Tuesday, March 17, 2009


One of the most bewildering things about "becoming a professional writer" is figuring out what a writer is.

What exactly is it that you want to "become."

In what way would achieving that goal make you different than you are now?

What is the difference between yourself and professionals who sell and get paid (two totally different things, as you will discover when you learn the business of writing.)

Creating that mental model of what this profession is all about is hard because our society as a whole considers it unskilled labor. Writing is something you can do it only if you have "talent" and that is innate and not anything to your credit. So when you're writing, you're essentially playing around.

People who are spending years writing and not getting chosen by publishers are generally considered a little cracked or lazy -- "get a real job" -- and are required by moral and ethical rules laid down by society to drop whatever they're writing at a moment's notice and drive carpool, pick up the dry cleaning, dash to school to get the sick kid the parent (a neighbor) can't leave work to pick up -- because YOU aren't "working."

In other words, what you're doing isn't critical, important, lucrative, or bound by discipline -- you have nothing better to do, so do my work for me.

It's an attitude, even selling writers have to deal with. "You can write anytime. Just cut the grass before my boss's family gets here for the picnic."
"What picnic?" you ask, bewildered.

"I told you last week! You never listen to me when you're at that computer!"

Then comes the citing of a dozen studies proving how unhealthy it is to sit at a computer all day. It makes you violent, and you just proved it by screaming inarticulately at a perfectly reasonable request.

What's really going on here? What is the gulf between the writer and the non-writer? Does this have anything to do with the paradigm shift I was talking about in this previous post?


I've been discussing the state of the modern education system on Facebook, and thinking about the learning process.

What can be learned in writing -- and what has to be innate, a Talent?

Most beginners present their earliest efforts with the hopes of a professional reading it and saying, "You're very talented."

Frankly, that's the last thing a beginner should want to hear. You can't tell if someone is "talented" by reading the end product of their work.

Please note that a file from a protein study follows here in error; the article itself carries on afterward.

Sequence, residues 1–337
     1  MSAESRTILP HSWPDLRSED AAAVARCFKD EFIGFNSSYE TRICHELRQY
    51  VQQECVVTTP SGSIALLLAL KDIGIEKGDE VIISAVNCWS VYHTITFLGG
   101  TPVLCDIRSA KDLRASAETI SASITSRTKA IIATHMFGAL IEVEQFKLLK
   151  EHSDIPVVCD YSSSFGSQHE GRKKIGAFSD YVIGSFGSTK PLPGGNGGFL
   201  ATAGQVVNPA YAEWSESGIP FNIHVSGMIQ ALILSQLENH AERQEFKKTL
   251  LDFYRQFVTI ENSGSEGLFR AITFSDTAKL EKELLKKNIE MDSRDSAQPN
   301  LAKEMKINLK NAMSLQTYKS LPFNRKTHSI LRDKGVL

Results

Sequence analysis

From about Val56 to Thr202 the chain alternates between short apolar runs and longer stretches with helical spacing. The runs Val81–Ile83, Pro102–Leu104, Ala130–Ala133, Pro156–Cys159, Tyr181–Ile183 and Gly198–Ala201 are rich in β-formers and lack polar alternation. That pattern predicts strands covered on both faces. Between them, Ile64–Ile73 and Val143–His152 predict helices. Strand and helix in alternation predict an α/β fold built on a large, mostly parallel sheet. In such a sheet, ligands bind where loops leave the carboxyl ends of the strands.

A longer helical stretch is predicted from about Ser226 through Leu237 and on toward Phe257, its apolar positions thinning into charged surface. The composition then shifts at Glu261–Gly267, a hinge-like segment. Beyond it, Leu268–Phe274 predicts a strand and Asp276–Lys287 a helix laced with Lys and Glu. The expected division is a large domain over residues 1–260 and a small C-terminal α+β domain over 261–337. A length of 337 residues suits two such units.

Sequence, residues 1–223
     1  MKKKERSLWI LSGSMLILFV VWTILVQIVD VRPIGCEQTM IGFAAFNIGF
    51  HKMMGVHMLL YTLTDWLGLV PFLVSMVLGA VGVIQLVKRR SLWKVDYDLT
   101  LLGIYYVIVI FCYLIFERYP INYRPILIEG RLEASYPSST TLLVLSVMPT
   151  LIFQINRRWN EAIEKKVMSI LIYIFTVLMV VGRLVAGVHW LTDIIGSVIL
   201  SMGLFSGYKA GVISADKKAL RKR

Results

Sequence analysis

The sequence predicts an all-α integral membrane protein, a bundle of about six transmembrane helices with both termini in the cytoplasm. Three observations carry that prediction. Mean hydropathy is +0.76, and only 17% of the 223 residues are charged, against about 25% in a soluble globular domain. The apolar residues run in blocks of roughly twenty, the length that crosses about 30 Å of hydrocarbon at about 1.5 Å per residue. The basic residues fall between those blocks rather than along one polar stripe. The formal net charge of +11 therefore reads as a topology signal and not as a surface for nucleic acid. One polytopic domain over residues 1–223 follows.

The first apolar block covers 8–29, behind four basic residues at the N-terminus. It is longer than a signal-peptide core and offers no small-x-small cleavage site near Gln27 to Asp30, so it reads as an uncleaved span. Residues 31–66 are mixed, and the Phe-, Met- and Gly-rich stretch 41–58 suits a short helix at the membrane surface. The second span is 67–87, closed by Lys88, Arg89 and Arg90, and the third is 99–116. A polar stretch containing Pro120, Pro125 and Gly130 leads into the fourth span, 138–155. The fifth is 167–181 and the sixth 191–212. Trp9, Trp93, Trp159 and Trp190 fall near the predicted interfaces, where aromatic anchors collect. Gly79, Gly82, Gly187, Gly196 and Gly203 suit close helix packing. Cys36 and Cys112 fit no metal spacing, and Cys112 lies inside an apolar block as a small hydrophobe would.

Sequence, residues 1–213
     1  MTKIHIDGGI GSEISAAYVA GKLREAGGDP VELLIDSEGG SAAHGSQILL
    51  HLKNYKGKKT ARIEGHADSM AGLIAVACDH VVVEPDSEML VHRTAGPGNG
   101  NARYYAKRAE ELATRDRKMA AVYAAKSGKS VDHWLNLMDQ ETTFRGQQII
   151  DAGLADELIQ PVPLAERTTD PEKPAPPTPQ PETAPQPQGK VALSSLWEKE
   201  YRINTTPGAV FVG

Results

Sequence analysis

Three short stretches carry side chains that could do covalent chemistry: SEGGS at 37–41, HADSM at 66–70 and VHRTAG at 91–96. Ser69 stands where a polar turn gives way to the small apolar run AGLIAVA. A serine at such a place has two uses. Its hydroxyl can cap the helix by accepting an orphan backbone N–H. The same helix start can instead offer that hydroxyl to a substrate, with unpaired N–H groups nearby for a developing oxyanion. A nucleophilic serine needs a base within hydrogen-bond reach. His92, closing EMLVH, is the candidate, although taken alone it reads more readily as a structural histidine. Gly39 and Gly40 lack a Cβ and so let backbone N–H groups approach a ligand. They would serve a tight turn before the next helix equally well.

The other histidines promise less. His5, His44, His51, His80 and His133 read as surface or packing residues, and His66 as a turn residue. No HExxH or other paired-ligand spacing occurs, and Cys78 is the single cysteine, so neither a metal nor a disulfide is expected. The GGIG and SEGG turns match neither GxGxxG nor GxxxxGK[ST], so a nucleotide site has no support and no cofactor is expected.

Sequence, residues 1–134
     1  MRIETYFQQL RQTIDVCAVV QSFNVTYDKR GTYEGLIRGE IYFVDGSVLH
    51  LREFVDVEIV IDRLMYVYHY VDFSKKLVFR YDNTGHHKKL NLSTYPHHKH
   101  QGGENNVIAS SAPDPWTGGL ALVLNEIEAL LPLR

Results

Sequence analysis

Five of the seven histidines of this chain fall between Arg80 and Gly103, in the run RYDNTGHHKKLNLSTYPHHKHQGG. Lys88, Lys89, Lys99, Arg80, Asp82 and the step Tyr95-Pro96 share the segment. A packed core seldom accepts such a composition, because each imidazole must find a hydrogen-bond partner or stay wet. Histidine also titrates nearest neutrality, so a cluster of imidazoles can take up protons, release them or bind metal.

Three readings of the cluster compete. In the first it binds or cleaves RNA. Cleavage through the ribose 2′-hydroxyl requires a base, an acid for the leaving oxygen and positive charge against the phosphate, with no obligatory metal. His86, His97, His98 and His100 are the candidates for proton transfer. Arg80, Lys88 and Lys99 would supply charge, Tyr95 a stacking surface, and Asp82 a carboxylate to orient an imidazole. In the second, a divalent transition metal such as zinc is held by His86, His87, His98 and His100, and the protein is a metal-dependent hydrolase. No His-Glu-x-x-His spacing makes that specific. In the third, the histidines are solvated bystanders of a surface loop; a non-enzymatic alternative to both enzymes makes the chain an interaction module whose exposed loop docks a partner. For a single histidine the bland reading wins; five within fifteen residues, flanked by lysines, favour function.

Talent doesn't mean you can think of things nobody has thought of yet.

Anyone can do that, and it isn't an inborn trait but a learned one.

Talent means not that you can do something nobody else (or few others) can do, but rather that it is EASY for you to do a thing that is HARD for others.

The thing is, what others think is easy for you, you may find hard for you.

I am not convinced there is "a talent" for "writing." Writing consists of so many different sorts of activities, some of which are crucial to commercial success and some of which are irrelevant to success but necessary to storycrafting, that I don't think there can be a talent for it.

There can be a talent for verbalizing or learning verbal skills. Note the commentary by Suzzette Hadin Elgin in the previous post here, discussing the fallacy of the universal translator. There can be a talent for languages, but it avails nothing if the infant and young child aren't exposed to many languages -- to "acquire" them rather than "learn" them.

There can be a talent for research, for sleuthing out odd facts and forming them into a pattern that could make a story.

There can be a talent for Business -- for discerning what could be popular and knowing when and where to market it, again based on a talent for sleuthing out facts and forming them into a pattern.

There can be a talent for ART.

Any of these talents, and dozens of others, can be applied to fiction writing and take you far. Other talents may work better in non-fiction writing.

None of these talents will make you a writer, or anything else. Talent is meaningless. It's cheap. Everyone has a few. Talent won't take you anywhere unless it's trained, educated, fed, nurtured, and developed.

And the truth is, many very successful people are successful at things they have no innate talent for -- but only a passion for.

You don't necessarily like the activities you have a talent for, and some people actually have an aversion to their own talents. "It's too easy. I could do that if I wanted to, but I don't."

So what it comes down to in life is pursuing your passions -- because only a focused and disciplined passion can get you up that verticle learning curve in education, training, and experience. The quitters don't make it up there, talent or no.

That's true of life in general, but also of The Arts.

I chose the mottos of the Worldcrafter's Guild with care. "Writing is a Performing Art" was the first bit of wisdom taught to me by Alma Hill, a professional writer who ran the writing workshop of the N3F, the National Fantasy Fan Federation, back when I decided I wanted to be a writer. It was my first clue about what it was that I wanted to do with myself and why I wanted to do it. I wanted to PERFORM, but what I wanted to perform was my own novels.

And later, Robert Heinlein borrowed the adage for one of his books, "Sounding spontaneous is a matter of careful preparation." To me, that ever so accurately portrays the difference between a civilian and a writer.